If I were to ask you to pick a leader, either current or from history that you most admire, whom would you choose? If I then went on to ask you why that leader most resonated with you, what would you say?
Not wanting to second guess your answers, but I wouldn’t be surprised if some of the responses were around building billion-dollar organisations, engaging hearts and minds or delivering returns for shareholders. But if I were then to ask you how these traits resonated with innovation leadership, then would you rethink your answers?
And you wouldn’t be alone. PwC’s 2017 Innovation Benchmark  revealed that 54% of executives struggle to align innovation strategy with business strategy. Moreover, the single most significant innovation challenge is establishing a leadership culture conducive to innovation.
At the heart of this problem lies the fact that far too much management and leadership training focusses on yesterday’s organisations. So, we may learn about balance sheets and project management, about team leadership, or strategy and communication. And all of these may well be necessary, but what is lacking is any development of an innovation focussed mindset.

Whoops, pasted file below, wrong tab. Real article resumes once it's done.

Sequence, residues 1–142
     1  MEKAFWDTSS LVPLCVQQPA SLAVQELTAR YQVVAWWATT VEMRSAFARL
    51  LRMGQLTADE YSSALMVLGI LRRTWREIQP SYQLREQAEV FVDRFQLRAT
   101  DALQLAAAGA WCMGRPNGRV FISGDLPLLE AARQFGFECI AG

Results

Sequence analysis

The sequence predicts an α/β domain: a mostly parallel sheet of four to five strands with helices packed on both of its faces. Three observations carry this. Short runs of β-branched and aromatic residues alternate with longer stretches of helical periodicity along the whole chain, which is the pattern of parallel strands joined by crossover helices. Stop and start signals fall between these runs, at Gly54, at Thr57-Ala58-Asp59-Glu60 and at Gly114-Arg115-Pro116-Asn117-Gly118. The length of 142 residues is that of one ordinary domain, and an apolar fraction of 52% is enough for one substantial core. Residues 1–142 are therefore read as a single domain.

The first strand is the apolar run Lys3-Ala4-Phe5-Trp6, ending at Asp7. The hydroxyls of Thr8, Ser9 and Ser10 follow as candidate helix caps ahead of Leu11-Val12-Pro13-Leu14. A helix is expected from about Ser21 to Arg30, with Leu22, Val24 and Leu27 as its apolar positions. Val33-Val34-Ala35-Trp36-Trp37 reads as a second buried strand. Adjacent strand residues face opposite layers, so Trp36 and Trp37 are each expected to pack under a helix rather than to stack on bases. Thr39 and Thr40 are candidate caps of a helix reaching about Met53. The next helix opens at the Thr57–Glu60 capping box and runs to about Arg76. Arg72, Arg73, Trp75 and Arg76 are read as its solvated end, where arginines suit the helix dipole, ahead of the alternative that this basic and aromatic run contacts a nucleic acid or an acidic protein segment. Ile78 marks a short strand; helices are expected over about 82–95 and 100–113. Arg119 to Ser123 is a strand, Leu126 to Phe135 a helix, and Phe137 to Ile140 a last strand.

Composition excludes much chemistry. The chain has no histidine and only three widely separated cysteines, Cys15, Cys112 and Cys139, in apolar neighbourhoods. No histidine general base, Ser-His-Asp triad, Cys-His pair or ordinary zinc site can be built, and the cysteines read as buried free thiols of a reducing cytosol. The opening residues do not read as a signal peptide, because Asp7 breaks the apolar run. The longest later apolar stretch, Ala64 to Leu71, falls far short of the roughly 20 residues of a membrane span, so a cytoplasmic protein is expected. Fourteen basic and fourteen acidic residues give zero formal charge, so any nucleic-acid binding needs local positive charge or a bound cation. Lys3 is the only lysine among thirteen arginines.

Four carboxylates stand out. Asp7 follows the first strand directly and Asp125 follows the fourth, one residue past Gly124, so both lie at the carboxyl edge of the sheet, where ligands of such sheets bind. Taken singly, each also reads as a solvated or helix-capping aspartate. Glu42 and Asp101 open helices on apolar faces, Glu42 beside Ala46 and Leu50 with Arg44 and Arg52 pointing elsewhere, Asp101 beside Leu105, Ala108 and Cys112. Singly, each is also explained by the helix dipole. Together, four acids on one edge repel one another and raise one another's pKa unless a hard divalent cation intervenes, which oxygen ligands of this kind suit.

In a January 2020 article in Fortune, Genpact CEO Tiger Tyagarajan commented that the key ingredient for today’s innovation CEO is curiosity, going on to say that “inquisitiveness is the key ingredient to driving innovation”. It’s an observation that echoes my thinking in that innovation leadership should look towards Martin Luther King for purpose and Einstein for creativity. The combination of those traits makes leaders more curious, and curiosity leads to exploration.
Without curiosity at the top of organisations, how can you expect your people to be open to developing alternative solutions? Without creativity, how can you develop strategies which look outward to potential rather than inwards towards cost and control?
When leading for innovation, you have to be the person you want your people to be, and that takes a very different style of leadership to that of yesterday.
It’s not too late to change, but every day that goes by without developing an innovation mindset at the top of your organisation is a day in which others are forging ahead. And I do mean forging ahead. In 2017, Cap Gemini’s Digital Culture Challenge revealed that 72% of the front runners’ leaders acted as role models in displaying openness to change and adopting new behaviours, compared with just 20% of followers and 1% of slow movers.
So, if you aren’t leading with an innovation mindset, then no matter what spin you put on it, you are leading a failing organisation.